WS: Can you elaborate on that—on how your background as a critic has factored in?

MF: I would say it’s more so my background as an events coordinator at indie bookstores. I spent many years doing that. First at River Run Bookstore in Portsmouth, New Hampshire. Then at McNally Jackson here in SoHo. And then at Community Bookstore in Park Slope, in Brooklyn. When I ran events series, I spent a lot of time thinking about who would be good to have in conversation with each other. It was kind of like a mini MFA program for me in that I sat through so many hours of panels and readings and heard about the way that authors would work through the craft side of their stories. I was thinking about that when I was putting this together—how I can showcase a bunch of different voices. So I used the same part of my brain that I used when I curated events. But also the same part of my brain as being a book critic, also. One of the things I really paid attention to when reviewing books or doing author profiles and interviews was trying to cover a wide range of writers, particularly women writers. And it was important to me in this book that I have men as well. I’ve often tried to showcase authors who are at all different stages in their careers, not just focusing on the most famous writers, but writers who are published by small presses, who might not have the marketing dollars behind them that a Big Six publisher would have—that’s something that’s been important to me as a critic. 

WS: Many of the essays deal with abuse and trauma. As an editor, what did your approach look like with regard to these sensitive topics?

MF: I think most importantly it was having patience, because I know for all the writers writing about this topic, no matter how close you are with your mom, there’s going to be something that’s very emotional to begin with. It was my goal to approach the editing process sensitively. This anthology was a team effort  with my editor at Simon & Schuster, Karyn Marcus. We both used our experience and expertise to help shape these essays, and to help the writers in the editorial process. But I think the reason this book resonates with so many people is because our relationship with our moms—it’s often our first relationship, right? I mean, a lot of people go to therapy because of their parents, you know? [Laughs] So in some ways, this book might be therapeutic for some people. Not necessarily for the people writing the essays, but maybe the people reading it might find something that they relate to or that they have been trying to work out in their own therapy sessions. But yeah, I think the job of an editor of an anthology is to try to approach the editing in a sensitive manner. Any good writing has some kind of emotional backbone to it, so I feel like it was important to me to look at the editing process as a collaboration with the writer, and not me talking down to them, like, ‘You will do this.’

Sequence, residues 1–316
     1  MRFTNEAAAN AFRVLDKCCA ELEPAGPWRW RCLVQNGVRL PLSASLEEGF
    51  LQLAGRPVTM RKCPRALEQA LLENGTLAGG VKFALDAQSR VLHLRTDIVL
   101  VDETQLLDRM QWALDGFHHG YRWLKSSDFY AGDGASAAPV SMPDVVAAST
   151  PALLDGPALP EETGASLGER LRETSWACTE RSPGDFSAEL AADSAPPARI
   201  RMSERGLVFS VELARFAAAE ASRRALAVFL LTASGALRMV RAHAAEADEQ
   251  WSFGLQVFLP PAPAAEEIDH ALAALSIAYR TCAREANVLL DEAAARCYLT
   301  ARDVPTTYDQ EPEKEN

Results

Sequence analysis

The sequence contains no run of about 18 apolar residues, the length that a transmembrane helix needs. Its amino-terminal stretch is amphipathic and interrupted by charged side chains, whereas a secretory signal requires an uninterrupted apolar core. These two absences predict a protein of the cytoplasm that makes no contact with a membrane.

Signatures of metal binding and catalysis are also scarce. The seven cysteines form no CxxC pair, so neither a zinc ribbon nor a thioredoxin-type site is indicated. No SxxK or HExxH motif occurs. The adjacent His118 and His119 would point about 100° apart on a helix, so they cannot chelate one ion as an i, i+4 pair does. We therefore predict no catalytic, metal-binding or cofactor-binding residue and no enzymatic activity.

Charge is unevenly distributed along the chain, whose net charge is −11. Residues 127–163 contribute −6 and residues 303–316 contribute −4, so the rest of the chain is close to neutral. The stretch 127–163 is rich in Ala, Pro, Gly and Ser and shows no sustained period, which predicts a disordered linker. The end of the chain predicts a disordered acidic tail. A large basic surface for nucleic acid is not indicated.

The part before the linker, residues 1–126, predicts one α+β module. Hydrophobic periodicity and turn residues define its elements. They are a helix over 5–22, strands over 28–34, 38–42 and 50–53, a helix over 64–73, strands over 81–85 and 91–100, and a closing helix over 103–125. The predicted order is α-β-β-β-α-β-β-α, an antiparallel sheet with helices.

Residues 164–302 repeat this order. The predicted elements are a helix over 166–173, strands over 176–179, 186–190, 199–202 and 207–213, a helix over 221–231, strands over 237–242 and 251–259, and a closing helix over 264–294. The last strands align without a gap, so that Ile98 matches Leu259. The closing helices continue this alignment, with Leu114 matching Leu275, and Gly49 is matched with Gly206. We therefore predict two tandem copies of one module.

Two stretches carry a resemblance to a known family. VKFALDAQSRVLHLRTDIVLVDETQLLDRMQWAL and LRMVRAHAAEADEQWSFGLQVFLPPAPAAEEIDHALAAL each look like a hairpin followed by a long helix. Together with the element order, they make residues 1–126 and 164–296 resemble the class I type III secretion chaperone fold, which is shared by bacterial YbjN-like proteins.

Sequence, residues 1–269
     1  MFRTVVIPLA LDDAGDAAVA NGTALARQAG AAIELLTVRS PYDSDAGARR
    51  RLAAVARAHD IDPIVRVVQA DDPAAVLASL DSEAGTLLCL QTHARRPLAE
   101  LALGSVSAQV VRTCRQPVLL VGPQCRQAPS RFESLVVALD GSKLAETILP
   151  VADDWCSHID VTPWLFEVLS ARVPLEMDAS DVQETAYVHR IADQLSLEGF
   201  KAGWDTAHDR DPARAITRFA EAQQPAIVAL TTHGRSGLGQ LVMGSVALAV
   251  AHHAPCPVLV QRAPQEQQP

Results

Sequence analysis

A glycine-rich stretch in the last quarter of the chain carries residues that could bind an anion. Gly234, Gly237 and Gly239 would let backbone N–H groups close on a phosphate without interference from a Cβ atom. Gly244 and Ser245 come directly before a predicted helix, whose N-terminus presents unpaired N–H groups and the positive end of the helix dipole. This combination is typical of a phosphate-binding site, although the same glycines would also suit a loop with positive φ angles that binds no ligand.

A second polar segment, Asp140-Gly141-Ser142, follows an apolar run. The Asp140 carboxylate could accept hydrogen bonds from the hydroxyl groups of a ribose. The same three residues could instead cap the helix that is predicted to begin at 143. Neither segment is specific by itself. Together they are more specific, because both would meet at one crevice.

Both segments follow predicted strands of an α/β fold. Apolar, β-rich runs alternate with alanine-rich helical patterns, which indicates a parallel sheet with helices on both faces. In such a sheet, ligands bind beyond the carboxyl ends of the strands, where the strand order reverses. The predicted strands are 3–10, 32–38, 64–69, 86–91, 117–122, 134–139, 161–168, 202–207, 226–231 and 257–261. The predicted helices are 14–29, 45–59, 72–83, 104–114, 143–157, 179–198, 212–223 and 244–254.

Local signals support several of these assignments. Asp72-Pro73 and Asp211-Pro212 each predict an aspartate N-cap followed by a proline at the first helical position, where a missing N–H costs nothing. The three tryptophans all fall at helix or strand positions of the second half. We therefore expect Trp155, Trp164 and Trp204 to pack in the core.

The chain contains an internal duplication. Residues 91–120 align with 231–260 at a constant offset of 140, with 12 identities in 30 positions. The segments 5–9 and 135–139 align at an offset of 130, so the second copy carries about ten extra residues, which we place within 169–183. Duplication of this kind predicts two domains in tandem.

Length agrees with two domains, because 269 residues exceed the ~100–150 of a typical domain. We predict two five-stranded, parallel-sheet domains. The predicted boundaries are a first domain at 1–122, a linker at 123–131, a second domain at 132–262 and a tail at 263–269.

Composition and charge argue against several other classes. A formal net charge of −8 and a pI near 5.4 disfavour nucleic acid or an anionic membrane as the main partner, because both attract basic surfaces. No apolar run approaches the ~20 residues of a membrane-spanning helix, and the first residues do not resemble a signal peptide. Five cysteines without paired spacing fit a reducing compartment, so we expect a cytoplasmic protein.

WS: You mentioned it was important to have men in the anthology also. But is there something about the mother-daughter relationship that lends itself to this kind of writing?

MF: It definitely could have been a book of just mothers and daughters. But I wanted this book to resonate with everyone, and I really love the men that I have in the book. But the mother-daughter relationship can be more complicated sometimes, I’m not sure why. Maybe there’s more of a connection that a mother and daughter are supposed to have, sharing the same gender. And that might be a false thing, because I know plenty of mothers and sons who are extremely close. But there’s a duality there that’s more complicated between the mother and daughter sometimes, and it can be for many different reasons, as seen in this collection.

WS: What do you hope that readers will take away from the book?

MF: My biggest hope is that this book will lead to conversations between mothers and their kids. And also, because some of us no longer have mothers in our lives, maybe it will offer some solace to people who don’t have a chance to have those conversations with their moms. And I’m hoping that it will help people who are currently moms, too, thinking about the dynamics in their relationships with their children.

WS: So what’s next?

MF: I’m working on short stories and essays right now. I haven’t settled on what my first solo book project will be, but I’ll continue to write and see where that leads me.